Pete Buttigieg isn’t always sure that he knows what it means to be a moral Christian. But he’s pretty certain you aren’t one.
The mayor of South Bend is capitalizing on having spent just shy of a decade making things just a bit worse for residents in the mid-sized, rundown Rust Belt city — I’m allowed to say that, having lived there for four years in the middle of his term — by launching a moderately successful bid to be president.
His rhetoric on the trail has been characterized by lots of consultant-speak, aided by his Harvard degree and his years at McKinsey and Company, and moderated by a healthy dose of moral preening. It’s the latter that’s of special concern this week, as the Buttigieg camp announced it had become the first Democratic team of the 2020 cycle to hire a “faith outreach director.” Reverend Shawna Foster’s first order of business? Making sure “the campaign is really reaching out to faiths that typically haven’t had much say in politics — Native American spirituality, Sikh spirituality, Bahais.”
Unfortunately for Buttigieg, these groups make up very little of the electorate. Even more unfortunate: Reverend Foster didn’t list Christians. Buttigieg’s relationship with that particular religious subgroup needs a bit of resuscitation, especially if he hopes to appeal to Christian voters disenchanted with Donald Trump who nonetheless don’t feel much allegiance to identity-politics leftism.
Thus far, the mayor’s discussion of his Christian faith — he’s a stalwart Episcopalian, in his accounting — mostly has revolved around how he understands religion a great deal better than his political opponents do.
“The left is rightly committed to a separation of church and state,” he told USA Today columnist Kirsten Powers in an April interview, “but we need to not be afraid to invoke arguments that are convincing on why Christian faith is going to point you in a progressive direction.”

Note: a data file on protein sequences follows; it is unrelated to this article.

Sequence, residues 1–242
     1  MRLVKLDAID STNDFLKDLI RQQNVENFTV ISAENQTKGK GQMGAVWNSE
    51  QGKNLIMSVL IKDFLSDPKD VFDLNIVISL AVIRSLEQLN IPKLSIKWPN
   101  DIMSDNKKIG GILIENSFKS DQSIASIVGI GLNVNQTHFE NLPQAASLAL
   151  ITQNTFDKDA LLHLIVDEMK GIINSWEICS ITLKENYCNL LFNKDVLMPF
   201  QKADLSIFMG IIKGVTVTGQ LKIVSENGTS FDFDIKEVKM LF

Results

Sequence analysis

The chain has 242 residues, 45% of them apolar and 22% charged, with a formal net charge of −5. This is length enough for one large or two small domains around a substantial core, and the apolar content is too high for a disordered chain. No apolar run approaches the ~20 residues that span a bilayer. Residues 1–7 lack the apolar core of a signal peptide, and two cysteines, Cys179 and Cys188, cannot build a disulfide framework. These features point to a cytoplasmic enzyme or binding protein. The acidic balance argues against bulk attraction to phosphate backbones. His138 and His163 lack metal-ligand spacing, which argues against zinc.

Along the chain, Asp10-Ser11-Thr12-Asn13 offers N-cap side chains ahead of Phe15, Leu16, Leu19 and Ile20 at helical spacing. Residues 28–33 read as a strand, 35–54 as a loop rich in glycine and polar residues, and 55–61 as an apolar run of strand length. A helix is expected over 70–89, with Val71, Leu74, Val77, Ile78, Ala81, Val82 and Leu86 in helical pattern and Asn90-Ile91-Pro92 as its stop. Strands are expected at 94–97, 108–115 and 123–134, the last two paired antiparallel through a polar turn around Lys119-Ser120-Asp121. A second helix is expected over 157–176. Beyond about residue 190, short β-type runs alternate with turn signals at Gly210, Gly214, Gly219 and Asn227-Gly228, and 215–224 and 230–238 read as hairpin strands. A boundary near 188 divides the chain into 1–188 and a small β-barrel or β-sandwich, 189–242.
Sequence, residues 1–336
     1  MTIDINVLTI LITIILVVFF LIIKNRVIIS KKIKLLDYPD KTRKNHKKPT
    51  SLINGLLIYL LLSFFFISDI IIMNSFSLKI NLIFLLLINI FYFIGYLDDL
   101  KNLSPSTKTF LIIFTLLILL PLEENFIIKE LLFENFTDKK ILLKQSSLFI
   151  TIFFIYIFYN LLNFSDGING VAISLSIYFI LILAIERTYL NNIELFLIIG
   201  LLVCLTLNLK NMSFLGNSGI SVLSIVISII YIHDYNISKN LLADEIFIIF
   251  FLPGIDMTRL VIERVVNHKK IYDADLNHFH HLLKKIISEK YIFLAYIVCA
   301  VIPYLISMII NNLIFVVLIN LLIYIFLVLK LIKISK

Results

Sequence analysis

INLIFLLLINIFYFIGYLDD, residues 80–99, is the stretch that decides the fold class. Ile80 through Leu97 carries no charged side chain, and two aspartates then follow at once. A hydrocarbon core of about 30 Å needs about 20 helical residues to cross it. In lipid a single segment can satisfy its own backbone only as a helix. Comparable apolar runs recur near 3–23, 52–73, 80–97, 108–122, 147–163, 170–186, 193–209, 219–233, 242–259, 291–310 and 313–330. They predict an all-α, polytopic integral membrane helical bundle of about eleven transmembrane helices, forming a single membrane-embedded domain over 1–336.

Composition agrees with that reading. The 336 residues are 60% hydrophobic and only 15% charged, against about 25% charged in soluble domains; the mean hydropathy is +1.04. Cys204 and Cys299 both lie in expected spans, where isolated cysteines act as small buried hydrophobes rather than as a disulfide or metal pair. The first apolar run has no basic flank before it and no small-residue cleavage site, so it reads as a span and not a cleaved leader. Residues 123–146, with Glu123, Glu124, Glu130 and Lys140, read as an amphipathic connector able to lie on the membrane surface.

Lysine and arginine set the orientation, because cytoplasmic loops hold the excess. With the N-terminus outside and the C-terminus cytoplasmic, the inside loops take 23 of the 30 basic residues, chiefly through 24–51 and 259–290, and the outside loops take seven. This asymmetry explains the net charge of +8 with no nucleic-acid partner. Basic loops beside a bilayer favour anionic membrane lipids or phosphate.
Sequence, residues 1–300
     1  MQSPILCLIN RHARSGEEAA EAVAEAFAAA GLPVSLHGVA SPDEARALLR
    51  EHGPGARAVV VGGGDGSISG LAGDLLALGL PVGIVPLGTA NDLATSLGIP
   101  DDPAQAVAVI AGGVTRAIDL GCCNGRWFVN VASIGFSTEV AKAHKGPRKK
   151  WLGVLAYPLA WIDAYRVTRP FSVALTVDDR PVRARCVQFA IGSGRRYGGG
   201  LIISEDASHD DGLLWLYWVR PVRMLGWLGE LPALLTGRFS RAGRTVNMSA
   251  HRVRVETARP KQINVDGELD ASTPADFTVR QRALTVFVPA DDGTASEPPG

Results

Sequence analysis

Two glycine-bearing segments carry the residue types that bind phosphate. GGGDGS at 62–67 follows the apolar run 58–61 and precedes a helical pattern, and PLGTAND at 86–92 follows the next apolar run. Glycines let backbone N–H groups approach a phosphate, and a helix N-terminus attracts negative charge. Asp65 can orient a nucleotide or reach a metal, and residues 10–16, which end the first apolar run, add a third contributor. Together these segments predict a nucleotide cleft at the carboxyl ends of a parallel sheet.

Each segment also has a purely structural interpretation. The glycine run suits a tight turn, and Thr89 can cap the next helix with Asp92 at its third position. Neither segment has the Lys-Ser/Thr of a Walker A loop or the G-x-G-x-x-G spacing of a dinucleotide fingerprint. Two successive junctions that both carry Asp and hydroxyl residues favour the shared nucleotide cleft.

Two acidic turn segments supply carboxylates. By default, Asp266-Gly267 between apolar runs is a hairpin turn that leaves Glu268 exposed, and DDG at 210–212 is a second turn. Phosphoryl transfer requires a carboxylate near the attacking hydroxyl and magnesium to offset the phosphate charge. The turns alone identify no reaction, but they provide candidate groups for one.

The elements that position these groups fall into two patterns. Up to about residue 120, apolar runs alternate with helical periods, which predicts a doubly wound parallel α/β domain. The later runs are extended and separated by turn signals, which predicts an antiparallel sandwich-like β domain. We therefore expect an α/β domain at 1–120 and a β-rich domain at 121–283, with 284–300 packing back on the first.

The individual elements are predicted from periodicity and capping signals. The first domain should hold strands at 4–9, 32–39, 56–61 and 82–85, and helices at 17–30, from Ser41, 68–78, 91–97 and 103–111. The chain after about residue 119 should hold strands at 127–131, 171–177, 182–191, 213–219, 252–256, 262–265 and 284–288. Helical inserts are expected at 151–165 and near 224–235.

Did you catch that? Underneath the McKinseyesque jargon, Buttigieg is asserting that being a good Christian means you must embrace progressive ideology. This is how he’s spoken about religion for the entirety of his campaign, wielding it like a cudgel against anyone who hesitates to champion his policy prescriptions.
Christianity isn’t synonymous with progressivism, but Buttigieg seems to believe that, on dogma, it’s his way or the highway. Any politician who uses his religious beliefs to castigate those on the other side of the aisle isn’t trying to help people see the light; he’s trying to score points.
That’s precisely what Buttigieg has done. Despite, by all accounts, having enjoyed a pleasant working relationship with Mike Pence when Pence was governor of Indiana, Buttigieg suddenly insinuated that the vice president’s support for traditional marriage is an animus-driven misapplication of Christian theology.
“That’s the thing that I wish the Mike Pences of the world would understand,” Buttigieg said in an April speech at the LGBTQ Victory Fund, “that if you have a problem with who I am, your problem is not with me. Your quarrel, sir, is with my Creator.”
Never mind that Pence is far from the only practicing Christian to believe that marriage is, by its very nature, a union between one man and one woman. And never mind that just over a decade ago, Democrats up and down the roster — including Barack Obama — espoused the same views about marriage as does Mike Pence. Progressive dogma now demands celebration of same-sex unions, and any Christians who won’t go along must be outed as backwards bigots.